September 9, 2004
Miller County-- You occasionally see abandoned school buildings falling down from neglect. Many counties consolidated schools years ago, and the community schools suffered, no longer needed, too expensive to maintain.
Don't put the old Enterprise School near Colquitt in that category.
Besides surviving years of neglect, it thrives, but it won't let one of its students graduate after more than 40 years. Sometimes the door of life doesn't open both ways, as Billy Roland knows all to well. "You never know what the future holds for you," says Billy, a former student as he walks up the steps of the old school.
But he knows what the past held when he attended Enterprise School more than 40 years ago. Young minds frequently gathered in the school's auditorium. "I can remember that real well," remembers Billy.
The days of school plays, spelling bees and sing-alongs, memories never forgotten. "Best memory was recess," says Billy, walking out of a school door to the old playground, where they had their own field of dreams long before the movie was thought of. "Somewhere right in here, we had our ball field," remembers Billy as he stands in a bare spot on the ground.
Billy pitched a sponge ball, and batters tried to hit it with an old broom stick, all the way to the trees. "We thought we were good," says Billy. They were seventh graders.
When not playing baseball, Billy was known to join his classmates under the school building. The entrance hole remains. "We crawled up under the school building and played," says Billy pointing to the door that covers the entrance to the crawl space.
They didn't' t get to play long because the school's principal would find them and make them return to class. The huge old oak tree out front left its mark on many students who would frequently stub their toes on the tree's roots. They didn't have air conditioning, of course, when Billy went to school. So, all they could do was raise a window and hope a breeze would blow through.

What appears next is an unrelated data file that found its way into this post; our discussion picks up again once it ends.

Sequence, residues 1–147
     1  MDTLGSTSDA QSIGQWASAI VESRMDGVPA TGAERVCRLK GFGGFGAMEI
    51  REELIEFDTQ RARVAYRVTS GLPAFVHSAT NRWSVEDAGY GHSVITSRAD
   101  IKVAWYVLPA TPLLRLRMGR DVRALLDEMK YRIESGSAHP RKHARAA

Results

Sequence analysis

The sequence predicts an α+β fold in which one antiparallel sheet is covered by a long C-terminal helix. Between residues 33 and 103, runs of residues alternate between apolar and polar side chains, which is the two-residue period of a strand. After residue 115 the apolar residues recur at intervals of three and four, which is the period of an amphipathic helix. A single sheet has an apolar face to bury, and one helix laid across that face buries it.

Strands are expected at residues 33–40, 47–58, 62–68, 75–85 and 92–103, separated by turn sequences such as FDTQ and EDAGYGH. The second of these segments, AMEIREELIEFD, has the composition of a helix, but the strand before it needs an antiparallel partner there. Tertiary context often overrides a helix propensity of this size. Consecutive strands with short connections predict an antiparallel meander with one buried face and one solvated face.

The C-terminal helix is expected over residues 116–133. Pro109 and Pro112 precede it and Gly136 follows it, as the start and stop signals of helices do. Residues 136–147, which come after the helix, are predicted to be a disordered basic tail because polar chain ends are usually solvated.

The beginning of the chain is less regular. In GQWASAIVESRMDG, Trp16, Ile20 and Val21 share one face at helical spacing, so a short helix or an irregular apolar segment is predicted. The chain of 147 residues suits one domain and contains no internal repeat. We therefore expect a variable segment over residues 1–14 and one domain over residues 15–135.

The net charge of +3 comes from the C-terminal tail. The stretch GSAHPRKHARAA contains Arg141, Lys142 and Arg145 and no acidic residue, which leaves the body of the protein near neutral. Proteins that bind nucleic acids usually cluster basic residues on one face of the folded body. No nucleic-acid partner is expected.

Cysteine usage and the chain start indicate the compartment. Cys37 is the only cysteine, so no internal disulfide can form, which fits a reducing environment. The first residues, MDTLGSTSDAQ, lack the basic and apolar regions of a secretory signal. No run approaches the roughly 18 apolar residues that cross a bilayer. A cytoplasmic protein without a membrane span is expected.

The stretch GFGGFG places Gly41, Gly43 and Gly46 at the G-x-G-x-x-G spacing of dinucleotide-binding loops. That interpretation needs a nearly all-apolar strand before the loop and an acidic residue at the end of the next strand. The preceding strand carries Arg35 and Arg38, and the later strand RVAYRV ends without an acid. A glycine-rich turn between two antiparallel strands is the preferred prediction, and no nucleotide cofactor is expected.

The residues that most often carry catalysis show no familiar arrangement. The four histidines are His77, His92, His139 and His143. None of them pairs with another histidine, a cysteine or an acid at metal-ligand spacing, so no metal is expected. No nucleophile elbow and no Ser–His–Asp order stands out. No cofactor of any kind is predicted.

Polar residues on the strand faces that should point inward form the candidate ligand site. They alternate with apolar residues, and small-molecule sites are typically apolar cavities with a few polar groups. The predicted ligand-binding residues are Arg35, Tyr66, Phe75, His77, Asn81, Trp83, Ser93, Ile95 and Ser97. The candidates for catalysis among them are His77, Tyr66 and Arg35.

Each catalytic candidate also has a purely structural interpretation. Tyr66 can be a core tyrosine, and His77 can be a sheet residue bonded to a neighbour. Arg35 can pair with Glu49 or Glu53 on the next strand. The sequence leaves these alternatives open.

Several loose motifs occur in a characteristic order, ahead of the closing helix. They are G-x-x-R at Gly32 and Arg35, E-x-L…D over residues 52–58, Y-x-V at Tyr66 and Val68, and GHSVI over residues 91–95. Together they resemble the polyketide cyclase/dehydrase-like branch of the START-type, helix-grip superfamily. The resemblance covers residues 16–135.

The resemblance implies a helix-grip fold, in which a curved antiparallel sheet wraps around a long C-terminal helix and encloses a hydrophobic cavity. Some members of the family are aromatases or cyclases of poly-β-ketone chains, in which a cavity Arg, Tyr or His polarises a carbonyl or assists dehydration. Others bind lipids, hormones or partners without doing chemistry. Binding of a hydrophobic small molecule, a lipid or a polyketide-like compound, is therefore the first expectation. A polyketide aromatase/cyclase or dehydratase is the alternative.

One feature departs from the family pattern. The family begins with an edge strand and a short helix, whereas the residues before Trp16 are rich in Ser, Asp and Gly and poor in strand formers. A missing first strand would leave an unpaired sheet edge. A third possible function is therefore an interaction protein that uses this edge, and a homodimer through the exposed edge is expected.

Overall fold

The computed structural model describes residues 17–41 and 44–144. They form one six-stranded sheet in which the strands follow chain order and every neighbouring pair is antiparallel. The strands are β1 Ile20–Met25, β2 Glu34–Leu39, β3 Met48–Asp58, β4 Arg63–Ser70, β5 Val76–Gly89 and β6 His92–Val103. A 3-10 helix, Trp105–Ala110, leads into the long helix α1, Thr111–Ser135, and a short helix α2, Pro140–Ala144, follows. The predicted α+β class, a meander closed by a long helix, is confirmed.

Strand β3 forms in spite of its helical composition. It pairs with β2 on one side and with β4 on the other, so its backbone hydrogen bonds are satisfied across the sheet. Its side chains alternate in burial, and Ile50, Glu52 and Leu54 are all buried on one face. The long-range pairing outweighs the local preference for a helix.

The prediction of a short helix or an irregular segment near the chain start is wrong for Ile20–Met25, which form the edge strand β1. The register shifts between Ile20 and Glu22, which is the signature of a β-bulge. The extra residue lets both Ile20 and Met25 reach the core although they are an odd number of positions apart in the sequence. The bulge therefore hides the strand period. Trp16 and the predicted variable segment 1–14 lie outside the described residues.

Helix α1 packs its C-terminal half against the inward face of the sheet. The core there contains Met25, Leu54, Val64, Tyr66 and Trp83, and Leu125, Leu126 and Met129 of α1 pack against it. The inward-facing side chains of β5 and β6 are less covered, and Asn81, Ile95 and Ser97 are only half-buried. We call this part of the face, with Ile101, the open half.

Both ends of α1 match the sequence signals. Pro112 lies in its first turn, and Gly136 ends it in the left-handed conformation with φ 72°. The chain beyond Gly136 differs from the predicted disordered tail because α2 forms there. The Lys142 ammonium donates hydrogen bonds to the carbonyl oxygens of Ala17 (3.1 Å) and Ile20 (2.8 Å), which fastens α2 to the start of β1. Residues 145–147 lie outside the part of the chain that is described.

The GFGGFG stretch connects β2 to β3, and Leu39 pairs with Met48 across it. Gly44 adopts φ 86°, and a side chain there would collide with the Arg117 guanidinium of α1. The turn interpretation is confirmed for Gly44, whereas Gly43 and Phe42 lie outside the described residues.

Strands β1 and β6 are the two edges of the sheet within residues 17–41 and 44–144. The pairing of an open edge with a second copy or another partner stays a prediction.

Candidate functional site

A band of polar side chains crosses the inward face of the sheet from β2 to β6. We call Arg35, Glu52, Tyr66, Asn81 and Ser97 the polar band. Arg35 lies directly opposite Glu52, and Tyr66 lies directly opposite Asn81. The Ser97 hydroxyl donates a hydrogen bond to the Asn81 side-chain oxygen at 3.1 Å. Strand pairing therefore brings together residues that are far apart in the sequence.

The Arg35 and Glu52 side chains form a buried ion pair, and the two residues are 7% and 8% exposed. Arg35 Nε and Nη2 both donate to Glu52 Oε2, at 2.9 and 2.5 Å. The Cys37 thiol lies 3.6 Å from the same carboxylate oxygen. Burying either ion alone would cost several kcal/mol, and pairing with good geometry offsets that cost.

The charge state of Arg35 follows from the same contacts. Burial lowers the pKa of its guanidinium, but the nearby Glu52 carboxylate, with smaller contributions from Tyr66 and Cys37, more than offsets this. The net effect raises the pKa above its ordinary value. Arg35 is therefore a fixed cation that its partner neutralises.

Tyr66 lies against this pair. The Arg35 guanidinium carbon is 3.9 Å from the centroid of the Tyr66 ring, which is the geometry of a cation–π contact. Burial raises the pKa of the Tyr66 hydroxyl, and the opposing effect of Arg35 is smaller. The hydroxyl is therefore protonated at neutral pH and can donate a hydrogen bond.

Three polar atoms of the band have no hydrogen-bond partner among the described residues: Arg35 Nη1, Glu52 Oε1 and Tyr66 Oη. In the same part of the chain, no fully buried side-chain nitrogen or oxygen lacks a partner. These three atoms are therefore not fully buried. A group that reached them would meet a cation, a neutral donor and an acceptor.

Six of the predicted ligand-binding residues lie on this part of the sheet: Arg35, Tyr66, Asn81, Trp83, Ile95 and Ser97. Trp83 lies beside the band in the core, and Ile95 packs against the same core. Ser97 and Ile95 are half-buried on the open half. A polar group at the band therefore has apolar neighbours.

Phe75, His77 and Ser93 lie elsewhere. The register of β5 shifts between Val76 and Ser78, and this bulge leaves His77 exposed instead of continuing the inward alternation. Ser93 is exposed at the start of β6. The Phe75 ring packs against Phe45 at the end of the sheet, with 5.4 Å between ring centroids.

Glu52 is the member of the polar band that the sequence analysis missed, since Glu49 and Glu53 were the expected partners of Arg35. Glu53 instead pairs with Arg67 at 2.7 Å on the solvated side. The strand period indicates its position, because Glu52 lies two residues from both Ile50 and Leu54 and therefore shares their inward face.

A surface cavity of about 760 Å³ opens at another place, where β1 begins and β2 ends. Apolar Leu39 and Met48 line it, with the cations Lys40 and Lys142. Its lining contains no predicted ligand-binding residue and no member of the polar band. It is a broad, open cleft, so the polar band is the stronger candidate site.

Memories about those good ole days at Enterprise School linger. Sometimes Billy recognizes the voice of Mrs. Thelma Davis, the school's principal who died several years ago. "You can hear Mrs. Thelma right on. You could hear her," says Billy. Her voice continues to bounce from wall-to-wall.
Eloise Bowen was a classmate of Billy's who remembered punishment could be a walk. She remembered fellow students having to walk about 50 yards to another group of oak trees. It looked like a long way back then, she remembers, but it really wasn't.
Enterprise School has a way of surviving. It burned one time and was re-built, remodeled twice, survived as a summer youth camp and an apartment building. "It's hard to imagine people living day-to-day in an old school." The old school has hosted two restaurants.
What is it about an old school that won't die, that somehow keeps one of its students close-by? "Can't put a finger on it," says Billy as he sits in the old auditorium. One day the old school's grip on Billy Roland will let go. "We're going to graduate one day," says Billy.
The old Enterprise School continues to live up to its name, converted to a fine restaurant called LAPD, which stands for Leslie and Phillip Daniels who own the old school. Many people will recognize Phillip Daniels' name since he plays in the NFL for the Washington Redskins.
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